Many employers require drug tests for their employees. What happens when the drug testing laboratory commits an error regarding the test? Failing a drug test can result in termination. That is what happened in Exxon Mobil Corp. v. Rincones, 520 S.W.3d 572 (Tex. 2017). The employer had a random drug testing program. Exxon Mobil employed third party laboratories to administer the test. The employee tested positive for illegal substances. Gilberto Rincones said he saw DISA, Inc. follow poor procedures in gathering the urine samples. He claims they made a mistake. DISA offered him the opportunity to re-test. He did not satisfy the requirements for a re-test. But, he took a test on his own through another source and tested negative for drugs. He did not complete the rehabilitation program offered by Exxon and was placed on inactive status. He later filed suit against Exxon and against DISA.
On appeal, the Texas Supreme Court found Exxon was not liable for the actions of DISA. The lab was not the agent of the employer, said the court. It had no contract with the lab. And, its requirements of the lab did not amount to control of the lab. The plaintiff sued the employer for discrimination, arguing that three non-Hispanic employees were allowed to continue working for Exxon even after testing positive for drugs. But, the court found those three employees were not good comparisons to Mr. Rincones, because they were management.
The plaintiff sued DISA for tortious interference with his employment and for negligence. But, the court looked at the date his lawsuit against the lab was due. The court found that Mr. Rincones’ right to file suit accrued when he first learned of the false positive result, not when Exxon placed him on active status. He learned about the false positive on April 14, 2008. He was placed on inactive stays in August, 2008. He then filed suit in August, 2010. So, he was too late by a few months, said the court.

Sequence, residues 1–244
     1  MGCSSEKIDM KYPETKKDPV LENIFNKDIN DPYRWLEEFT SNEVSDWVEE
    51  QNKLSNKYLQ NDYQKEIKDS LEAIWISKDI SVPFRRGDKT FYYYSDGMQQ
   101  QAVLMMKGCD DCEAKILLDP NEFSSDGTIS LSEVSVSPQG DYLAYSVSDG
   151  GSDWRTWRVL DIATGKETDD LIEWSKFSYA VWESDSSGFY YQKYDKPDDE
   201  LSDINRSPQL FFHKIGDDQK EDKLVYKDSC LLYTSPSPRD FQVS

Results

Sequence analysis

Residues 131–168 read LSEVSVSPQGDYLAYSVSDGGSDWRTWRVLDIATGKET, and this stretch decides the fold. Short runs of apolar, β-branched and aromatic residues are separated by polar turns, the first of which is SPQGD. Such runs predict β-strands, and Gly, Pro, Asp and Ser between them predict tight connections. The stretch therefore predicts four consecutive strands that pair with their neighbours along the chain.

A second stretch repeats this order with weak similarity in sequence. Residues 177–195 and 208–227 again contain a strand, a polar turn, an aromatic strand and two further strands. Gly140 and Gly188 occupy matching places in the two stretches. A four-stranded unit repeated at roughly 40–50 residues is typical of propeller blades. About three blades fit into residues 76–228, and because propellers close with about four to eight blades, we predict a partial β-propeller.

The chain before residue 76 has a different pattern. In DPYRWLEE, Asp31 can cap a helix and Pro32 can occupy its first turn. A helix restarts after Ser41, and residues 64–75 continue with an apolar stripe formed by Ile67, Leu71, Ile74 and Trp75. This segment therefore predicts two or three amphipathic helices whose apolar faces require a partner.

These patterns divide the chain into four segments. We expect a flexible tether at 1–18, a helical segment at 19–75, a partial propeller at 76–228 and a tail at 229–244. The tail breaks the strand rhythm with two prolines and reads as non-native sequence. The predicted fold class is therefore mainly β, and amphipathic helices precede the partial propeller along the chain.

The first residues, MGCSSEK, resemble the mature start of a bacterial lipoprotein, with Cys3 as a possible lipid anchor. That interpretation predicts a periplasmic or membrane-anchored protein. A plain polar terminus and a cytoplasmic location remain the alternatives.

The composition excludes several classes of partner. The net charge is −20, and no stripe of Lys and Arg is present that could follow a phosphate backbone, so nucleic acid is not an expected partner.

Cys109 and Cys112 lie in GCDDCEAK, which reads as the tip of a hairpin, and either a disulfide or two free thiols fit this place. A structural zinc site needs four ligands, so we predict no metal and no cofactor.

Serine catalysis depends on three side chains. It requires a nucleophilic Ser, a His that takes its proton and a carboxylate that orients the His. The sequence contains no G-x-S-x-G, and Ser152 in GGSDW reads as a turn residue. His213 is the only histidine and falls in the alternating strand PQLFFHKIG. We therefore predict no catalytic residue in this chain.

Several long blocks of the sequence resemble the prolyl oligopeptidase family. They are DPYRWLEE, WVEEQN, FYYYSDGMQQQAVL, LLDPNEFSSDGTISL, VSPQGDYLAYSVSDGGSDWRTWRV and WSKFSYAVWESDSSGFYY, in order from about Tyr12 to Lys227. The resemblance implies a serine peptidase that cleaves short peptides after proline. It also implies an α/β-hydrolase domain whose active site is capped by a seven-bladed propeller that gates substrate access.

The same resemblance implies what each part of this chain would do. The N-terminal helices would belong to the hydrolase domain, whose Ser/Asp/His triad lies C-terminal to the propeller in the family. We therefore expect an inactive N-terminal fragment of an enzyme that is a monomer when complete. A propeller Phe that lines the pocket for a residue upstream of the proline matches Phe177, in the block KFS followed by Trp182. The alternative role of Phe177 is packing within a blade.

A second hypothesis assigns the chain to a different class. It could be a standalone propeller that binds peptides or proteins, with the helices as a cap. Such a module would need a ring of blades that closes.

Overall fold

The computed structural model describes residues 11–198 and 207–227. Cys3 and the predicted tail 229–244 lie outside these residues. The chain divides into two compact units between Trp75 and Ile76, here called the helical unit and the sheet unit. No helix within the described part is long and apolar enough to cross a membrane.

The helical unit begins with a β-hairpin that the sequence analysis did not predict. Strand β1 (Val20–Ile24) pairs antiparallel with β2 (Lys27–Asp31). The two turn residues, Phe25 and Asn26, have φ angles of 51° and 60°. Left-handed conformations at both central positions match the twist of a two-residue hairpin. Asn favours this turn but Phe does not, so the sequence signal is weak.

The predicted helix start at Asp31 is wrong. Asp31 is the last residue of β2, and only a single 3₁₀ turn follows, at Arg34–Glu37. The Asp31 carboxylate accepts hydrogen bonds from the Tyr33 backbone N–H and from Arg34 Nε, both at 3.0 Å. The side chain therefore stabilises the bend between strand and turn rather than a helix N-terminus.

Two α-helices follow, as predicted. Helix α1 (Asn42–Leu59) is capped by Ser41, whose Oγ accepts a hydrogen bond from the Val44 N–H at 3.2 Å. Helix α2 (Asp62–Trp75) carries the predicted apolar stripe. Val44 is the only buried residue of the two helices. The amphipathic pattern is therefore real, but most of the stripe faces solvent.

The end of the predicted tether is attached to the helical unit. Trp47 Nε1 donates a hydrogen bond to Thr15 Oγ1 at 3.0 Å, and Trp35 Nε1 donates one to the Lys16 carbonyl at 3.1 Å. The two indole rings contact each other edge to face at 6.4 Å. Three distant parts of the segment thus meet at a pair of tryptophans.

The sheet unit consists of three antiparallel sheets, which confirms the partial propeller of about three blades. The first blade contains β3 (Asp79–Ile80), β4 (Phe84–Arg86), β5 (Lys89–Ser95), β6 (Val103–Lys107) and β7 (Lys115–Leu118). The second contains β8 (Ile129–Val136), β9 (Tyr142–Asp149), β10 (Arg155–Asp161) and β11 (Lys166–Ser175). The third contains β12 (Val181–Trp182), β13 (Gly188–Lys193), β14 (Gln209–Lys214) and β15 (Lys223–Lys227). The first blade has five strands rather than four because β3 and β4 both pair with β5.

The plaintiff also alleged defamation against Exxon. He claimed that because his employer terminated him for a false reason, he would be forced to provide that false reason to future employers. That sort of defamation is known as “self-publication.” The employee is forced to self-publish the defamatory statement. The Texas Supreme Court recognized that many Texas courts of appeals have accepted compelled self-publication in the past. Nevertheless, the Supreme Court refused to agree. The court made the remarkable claim that if it recognized self-publication, then that recognition would encourage employees to worsen the harm done them by the employer. That is, allowing the doctrine of self-publication would prevent the employee from mitigating his damages. The court is basically saying the employee might not look for work if he had to mention something damaging about himself. Such a notion is simply silly. Few, if any employees, have the option of not looking for work after termination. The Texas Supreme Court has continued its antipathy to plaintiffs. It also betrays a lack of connection to average workers who live from paycheck to paycheck. See the opinion here.